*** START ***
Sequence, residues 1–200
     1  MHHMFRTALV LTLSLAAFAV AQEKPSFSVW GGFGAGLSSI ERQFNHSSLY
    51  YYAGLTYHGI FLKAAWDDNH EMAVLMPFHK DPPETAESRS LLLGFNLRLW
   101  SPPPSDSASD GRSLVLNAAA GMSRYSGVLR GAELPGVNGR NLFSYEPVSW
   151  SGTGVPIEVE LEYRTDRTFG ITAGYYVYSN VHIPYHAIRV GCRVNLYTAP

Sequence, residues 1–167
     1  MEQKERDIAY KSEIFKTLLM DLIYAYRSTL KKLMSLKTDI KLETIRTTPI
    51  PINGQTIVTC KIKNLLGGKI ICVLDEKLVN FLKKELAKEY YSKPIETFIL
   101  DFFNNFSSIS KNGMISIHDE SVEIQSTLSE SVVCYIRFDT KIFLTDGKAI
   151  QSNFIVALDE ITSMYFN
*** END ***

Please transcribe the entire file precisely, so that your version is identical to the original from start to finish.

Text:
Sequence, residues 1–200
     1  MHHMFRTALV LTLSLAAFAV AQEKPSFSVW GGFGAGLSSI ERQFNHSSLY
    51  YYAGLTYHGI FLKAAWDDNH EMAVLMPFHK DPPETAESRS LLLGFNLRLW
   101  SPPPSDSASD GRSLVLNAAA GMSRYSGVLR GAELPGVNGR NLFSYEPVSW
   151  SGTGVPIEVE LEYRTDRTFG ITAGYYVYSN VHIPYHAIRV GCRVNLYTAP

Sequence, residues 1–167
     1  MEQKERDIAY KSEIFKTLLM DLIYAYRSTL KKLMSLKTDI KLETIRTTPI
    51  PINGQTIVTC KIKNLLGGKI ICVLDEKLVN FLKKELAKEY YSKPIETFIL
   101  DFFNNFSSIS KNGMISIHDE SVEIQSTLSE SVVCYIRFDT KIFLTDGKAI
   151  QSNFIVALDE ITSMYFN